Illinois State University is the largest teacher training institution in Illinois, and music faculty cooperate closely with professors in the College of Education. All faculty involved in music education have had extensive public school experience. Music education faculty are involved with public school personnel as clinicians, speakers, and student teacher supervisors.
Music education students take a combination of General Education, professional, and music courses. The final phase of the program involves the formal internship period known as student teaching. Upon graduation with a Bachelor of Music Education, students are certified to teach music in grades K-12 in Illinois. There are four sequences in music education, each with its own plan of study: choral-general-vocal, choral-general-keyboard, instrumental band, and instrumental orchestra.
For more information on degree requirements, course descriptions, etc. see the undergraduate catalogue.
Music Education Frequently Asked Questions
How are student teaching placements decided?
The music education faculty consider geographical placement requests along with the students' preference for type of job they hope to get upon graduation. Since the Illinois teacher certificate is K-12, music students are assigned to both elementary and secondary placements. Placements extend as far south as Springfield and into the northern suburbs of Chicago.
What if I don't know what I want to teach yet?
One of the best things about the Illinois State music education degree is the amount of time you spend teaching. We have on-campus laboratory schools that enable our students to implement everything they learn in their methods courses. For example, all students take MUS 262 - Elementary General Music Methods where they receive instruction about teaching children to play instruments and then teach their own class of students at the lab school for 10 lessons. All of this happens before student teaching.
Cooperating teachers in the student teaching experience consistently say that Illinois State student teachers come to them prepared and comfortable teaching children. As an Illinois State student you experience teaching instrumental, choral, and general music to all ages of students before you student teach. This helps you to know what you want to teach.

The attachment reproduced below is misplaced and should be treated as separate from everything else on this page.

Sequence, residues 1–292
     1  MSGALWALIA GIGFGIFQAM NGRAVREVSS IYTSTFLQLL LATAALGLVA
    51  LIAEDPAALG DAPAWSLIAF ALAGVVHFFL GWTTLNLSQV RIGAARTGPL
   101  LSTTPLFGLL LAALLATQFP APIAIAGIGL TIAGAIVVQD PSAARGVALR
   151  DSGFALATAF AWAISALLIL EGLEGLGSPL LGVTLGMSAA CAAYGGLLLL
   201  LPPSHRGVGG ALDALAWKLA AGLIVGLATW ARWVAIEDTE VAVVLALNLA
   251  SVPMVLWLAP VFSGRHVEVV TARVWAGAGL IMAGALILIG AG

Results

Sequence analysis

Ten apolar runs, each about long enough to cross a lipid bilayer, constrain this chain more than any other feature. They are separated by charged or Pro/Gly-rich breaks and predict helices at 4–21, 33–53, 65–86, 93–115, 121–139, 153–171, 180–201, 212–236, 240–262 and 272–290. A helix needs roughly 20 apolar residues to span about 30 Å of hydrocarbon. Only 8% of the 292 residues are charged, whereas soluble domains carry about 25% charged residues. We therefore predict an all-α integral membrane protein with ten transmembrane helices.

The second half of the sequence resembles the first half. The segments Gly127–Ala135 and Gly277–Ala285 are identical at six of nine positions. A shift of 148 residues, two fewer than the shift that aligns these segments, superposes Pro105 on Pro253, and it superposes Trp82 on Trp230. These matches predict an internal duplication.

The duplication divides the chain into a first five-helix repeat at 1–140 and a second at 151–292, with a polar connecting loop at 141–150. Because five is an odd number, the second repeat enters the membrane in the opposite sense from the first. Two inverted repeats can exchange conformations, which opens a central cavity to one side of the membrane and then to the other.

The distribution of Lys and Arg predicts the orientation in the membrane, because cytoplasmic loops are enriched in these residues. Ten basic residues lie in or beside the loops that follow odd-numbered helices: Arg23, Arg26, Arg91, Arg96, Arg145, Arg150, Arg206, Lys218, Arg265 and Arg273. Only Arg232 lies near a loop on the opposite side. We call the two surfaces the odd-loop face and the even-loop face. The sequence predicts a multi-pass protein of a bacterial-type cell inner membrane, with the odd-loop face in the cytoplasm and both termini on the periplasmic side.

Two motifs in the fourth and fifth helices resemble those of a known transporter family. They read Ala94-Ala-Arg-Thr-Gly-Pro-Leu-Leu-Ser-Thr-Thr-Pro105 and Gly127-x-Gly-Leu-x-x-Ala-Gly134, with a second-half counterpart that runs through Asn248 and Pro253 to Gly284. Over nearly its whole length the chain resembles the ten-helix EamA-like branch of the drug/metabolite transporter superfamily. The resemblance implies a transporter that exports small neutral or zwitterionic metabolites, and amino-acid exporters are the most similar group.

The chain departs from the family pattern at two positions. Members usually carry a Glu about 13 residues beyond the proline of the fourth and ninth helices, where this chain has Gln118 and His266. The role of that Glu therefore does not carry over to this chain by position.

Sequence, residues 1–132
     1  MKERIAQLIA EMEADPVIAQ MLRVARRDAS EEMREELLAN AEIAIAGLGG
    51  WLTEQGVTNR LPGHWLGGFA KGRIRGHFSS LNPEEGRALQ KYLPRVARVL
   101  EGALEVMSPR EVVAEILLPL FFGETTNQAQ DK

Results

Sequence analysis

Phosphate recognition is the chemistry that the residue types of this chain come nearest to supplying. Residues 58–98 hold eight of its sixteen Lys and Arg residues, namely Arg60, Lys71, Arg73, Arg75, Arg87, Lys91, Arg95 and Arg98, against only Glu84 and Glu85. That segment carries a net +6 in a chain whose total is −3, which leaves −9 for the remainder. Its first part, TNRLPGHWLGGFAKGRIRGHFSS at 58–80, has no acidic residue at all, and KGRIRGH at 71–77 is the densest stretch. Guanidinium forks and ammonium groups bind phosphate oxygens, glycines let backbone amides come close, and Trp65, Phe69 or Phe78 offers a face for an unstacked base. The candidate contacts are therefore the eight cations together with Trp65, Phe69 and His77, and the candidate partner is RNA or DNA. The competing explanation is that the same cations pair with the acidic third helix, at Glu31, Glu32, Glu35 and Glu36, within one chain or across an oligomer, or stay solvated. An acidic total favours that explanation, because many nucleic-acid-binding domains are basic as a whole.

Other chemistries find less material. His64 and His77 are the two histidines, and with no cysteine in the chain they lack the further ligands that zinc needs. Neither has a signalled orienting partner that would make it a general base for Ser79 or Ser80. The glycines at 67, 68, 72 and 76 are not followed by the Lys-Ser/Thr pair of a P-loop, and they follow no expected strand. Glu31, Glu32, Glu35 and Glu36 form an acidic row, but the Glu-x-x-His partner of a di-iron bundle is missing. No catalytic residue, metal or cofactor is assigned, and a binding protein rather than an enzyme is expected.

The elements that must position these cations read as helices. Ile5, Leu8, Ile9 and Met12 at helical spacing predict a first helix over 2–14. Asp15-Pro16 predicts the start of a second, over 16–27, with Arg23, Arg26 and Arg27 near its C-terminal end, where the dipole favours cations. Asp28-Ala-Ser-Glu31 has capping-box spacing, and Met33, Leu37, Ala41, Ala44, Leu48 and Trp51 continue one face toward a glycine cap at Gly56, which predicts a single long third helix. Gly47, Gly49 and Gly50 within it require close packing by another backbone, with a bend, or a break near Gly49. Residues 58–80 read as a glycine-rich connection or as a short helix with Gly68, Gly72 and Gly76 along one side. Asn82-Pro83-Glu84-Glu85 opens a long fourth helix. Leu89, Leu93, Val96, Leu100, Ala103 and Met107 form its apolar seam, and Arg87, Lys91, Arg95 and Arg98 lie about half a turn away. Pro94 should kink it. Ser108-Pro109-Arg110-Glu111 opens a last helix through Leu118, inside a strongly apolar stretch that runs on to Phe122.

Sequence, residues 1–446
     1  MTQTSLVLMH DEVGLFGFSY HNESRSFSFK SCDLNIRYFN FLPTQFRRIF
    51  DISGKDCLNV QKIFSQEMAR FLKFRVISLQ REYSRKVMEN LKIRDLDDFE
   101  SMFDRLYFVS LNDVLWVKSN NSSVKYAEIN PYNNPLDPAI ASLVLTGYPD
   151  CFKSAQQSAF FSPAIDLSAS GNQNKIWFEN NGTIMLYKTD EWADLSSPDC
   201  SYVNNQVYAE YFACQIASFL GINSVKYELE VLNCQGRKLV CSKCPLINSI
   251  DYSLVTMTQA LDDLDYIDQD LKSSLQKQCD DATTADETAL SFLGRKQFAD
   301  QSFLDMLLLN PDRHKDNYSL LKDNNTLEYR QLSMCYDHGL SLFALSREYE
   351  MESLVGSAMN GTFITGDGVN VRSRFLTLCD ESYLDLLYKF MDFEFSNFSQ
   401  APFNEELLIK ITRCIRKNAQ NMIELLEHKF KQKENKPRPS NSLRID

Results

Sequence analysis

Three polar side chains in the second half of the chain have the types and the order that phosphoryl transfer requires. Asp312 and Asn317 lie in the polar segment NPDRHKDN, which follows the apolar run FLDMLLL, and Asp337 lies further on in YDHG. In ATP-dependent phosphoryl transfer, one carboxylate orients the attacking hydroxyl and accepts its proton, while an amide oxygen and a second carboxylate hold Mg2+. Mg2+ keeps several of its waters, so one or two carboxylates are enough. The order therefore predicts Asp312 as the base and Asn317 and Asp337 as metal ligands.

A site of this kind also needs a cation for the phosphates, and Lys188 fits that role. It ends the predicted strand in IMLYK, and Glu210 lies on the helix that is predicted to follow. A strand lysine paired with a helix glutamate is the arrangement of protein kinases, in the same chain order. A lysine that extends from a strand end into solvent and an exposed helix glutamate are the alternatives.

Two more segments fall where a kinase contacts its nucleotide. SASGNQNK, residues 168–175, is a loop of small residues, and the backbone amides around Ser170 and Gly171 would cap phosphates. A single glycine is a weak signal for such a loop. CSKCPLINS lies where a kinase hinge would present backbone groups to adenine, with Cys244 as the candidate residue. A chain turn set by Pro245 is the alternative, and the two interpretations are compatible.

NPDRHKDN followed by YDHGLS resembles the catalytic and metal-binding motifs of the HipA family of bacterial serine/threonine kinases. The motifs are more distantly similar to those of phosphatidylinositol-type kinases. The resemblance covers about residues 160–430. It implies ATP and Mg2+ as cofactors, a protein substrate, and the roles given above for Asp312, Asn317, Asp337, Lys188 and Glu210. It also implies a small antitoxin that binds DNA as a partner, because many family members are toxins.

I'm not sure if I really want to teach music. I would rather perform but need something to fall back on in case performing doesn't work out. Should I pursue a music education major?
Although there is a nation-wide music teacher shortage, you should not go into teaching unless you truly love teaching children. It is a big investment of time to become a teacher. The teaching profession is very rewarding but requires dedication and commitment to qualify education and children.
What kinds of requirements are there to become a teacher other than taking coursework?
All Illinois teachers must pass tests in basic skills like reading, writing, math, music education, history, theory, teaching literacy, and technology. Criminal background checks are required before student teaching, along with a TB test. ISU also requires technology proficiency.
Who decides if I am admitted to the music education program?
First you must apply to the University Admissions Office. Then you must pass your classical music audition for the School of Music. Though you are admitted to the Bachelor of Music Education, you are not admitted to Professional Studies until you complete several musical and non-musical requirements that include piano proficiency, maintaining a 2.75 GPA, passing the Basic Skills test and other College of Education requirements. Once you are admitted to Professional Studies (usually after your second year) you must continue to complete College of Education requirements and stay in good standing with the music education area.
Will I get a job when I graduate?
There is a national music teacher shortage and a critical need for string and general music teachers. Teachers who speak Spanish are especially in demand. ISU has graduates teaching across Illinois, in states including Colorado, Arizona, Wisconsin, Missouri and even in countries like Singapore. Because of the broad experiences you receive at ISU, you are experienced and flexible to take music teaching jobs that combine one or more specialties.
I was inspired by my high school music teacher and I want to be just like them.
Many students come to Illinois State after having great high school music experiences. You will be asked to choose a degree sequence based on your major instrument, Instrumental/Band, Instrumental/Orchestra, Choral/General/ Keyboard or Choral/General/Voice. All students learn to teach general music. You will take courses in choral, general, and instrumental music education with opportunities to teach in all three. Many students discover an age group or a specialty they like after getting a chance to teach a bit.